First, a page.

New Jersey is a great place for wildlife, but also is the most urbanized state. Public open space efforts help a lot, but homeowners and businesses can do much to offset the loss of habitat to development by including native plants serving wildlife on their properties.
Natural habitats support many kinds of birds and butterflies. Seeing them is a joy and those who create such an oasis in their yard know they’re helping wild species survive. They also benefit from lower yard maintenance costs, reduced or eliminated pesticides and fertilizers, less need for water-wasting irrigation, and less use of polluting yard machines.
Everyone benefits because wildlife-friendly habitats reduce rainfall runoff and flooding, have a smaller carbon footprint, and support species important to South Jersey’s lucrative nature-tourism industry.
Yet while the state Department of Environmental Protection encourages such backyard habitat, the state has yet to protect residents and homeowners from municipalities that don’t recognize it or understand it. Even as the costs of misusing the environment mount, many still regard ornamental shrubs and a manicured non-native lawn as their community’s standard for a well-kept property.
Avalon provides the current example. It has taken resident Elaine Scattergood to court for letting a wildlife friendly native vine — Virginia creeper — grow more than 9 inches long. The borough apparently doesn’t see the value in the wildlife habitat that Scattergood has created, even though the Virginia creeper it wants to eliminate is on its own list of recommended plants for its dunes.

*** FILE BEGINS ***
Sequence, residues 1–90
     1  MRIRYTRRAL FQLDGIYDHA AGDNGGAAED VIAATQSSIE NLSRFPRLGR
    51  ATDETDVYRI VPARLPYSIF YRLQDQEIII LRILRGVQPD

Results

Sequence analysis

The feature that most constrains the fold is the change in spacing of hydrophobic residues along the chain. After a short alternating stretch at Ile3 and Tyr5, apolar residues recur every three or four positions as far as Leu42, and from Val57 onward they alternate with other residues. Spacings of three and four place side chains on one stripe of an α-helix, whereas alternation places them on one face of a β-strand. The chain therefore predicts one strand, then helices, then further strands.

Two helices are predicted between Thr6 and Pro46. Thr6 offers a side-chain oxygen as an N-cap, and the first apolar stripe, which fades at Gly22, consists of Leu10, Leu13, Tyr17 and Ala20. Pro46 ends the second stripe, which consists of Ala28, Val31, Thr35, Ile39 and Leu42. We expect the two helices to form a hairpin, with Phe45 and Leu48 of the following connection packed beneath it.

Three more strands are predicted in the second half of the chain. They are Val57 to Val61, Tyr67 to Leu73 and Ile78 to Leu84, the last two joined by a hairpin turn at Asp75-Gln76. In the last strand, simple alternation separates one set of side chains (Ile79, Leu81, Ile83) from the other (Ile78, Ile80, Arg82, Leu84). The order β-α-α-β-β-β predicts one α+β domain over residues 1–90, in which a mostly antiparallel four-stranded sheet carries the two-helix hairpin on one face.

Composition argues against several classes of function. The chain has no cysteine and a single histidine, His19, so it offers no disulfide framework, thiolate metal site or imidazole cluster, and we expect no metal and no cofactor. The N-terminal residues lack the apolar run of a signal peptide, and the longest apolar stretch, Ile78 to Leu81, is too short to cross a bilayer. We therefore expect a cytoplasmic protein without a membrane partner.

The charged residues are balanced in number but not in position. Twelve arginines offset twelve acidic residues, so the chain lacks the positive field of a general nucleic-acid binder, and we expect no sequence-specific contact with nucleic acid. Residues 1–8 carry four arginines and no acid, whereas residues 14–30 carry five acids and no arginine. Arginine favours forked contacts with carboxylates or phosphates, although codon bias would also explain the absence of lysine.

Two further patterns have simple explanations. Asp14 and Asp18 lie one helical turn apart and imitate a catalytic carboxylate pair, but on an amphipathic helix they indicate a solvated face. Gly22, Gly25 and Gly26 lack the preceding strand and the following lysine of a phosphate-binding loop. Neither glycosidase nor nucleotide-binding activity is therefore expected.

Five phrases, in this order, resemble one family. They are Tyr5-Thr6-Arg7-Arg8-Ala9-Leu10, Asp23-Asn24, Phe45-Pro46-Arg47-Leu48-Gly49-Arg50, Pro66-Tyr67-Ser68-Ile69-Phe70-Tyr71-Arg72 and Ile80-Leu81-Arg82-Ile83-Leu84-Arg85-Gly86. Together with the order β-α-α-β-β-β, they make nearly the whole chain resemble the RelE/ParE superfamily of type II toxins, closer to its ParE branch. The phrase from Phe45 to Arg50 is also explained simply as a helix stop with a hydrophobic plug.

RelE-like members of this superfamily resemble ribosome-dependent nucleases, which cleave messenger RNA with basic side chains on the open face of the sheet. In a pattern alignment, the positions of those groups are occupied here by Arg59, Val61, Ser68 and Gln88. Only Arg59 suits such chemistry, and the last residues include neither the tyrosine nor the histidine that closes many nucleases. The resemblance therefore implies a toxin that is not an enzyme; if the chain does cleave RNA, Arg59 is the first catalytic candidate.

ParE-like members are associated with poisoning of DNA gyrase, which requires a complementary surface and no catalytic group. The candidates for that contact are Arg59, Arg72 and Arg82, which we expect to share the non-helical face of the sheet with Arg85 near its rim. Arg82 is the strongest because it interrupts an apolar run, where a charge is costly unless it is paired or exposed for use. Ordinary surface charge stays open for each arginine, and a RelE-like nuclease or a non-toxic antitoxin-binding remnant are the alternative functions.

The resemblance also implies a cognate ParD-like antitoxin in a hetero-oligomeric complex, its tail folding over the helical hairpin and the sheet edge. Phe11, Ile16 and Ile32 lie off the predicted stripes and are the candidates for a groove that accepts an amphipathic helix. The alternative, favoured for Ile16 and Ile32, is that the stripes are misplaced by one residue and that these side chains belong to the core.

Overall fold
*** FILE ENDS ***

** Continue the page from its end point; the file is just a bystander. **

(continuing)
Four years ago, Assemblyman John Burzichelli, a Democrat representing Cumberland, Gloucester and Salem counties, came up with a good solution, working with Assembly Republican Leader Jon Bramnick of Westfield. They proposed a program to certify wildlife habitat and immunize it from municipal ordinances that might deem it a nuisance or otherwise unlawful.
The program has some attractive features.
Entities designated by the state Department of Environmental Protection to certify properties could charge a small fee, and municipal registration of that certificate could prompt another small fee. These would cover necessary costs and help ensure participants are serious about wildlife habitat. Besides the protections, property owners would get a sign designating the habitat, which would help educate the public.
Another good aspect of the bill is that those authorized to certify habitat could include nonprofits such as NJ Audubon, long an advocate of backyard habitat, as well as for-profit lawn and landscape firms. Some of the latter might develop a new side to their businesses helping homeowners create and maintain their own little hummingbird and butterfly paradises.
The bipartisan wildlife landscaping certification bill twice passed the state Assembly unanimously — 76-0 in both 2015 and 2017. Unfortunately, both times it then went nowhere after being sent to the state Senate Environment and Energy Committee.
Each year that the senators delay acting on this popular measure, extinction pressures on species increase, rainwater runoff becomes more of a problem, the recharging of aquifers becomes more essential, and people are discouraged from making changes urged by the government’s own environmental scientists.
Habitat that’s more supportive of wildlife has turned out to be more supportive of human life and well-being too. The Legislature needs to pass this bill and remove these impediments to that healthier, more natural future.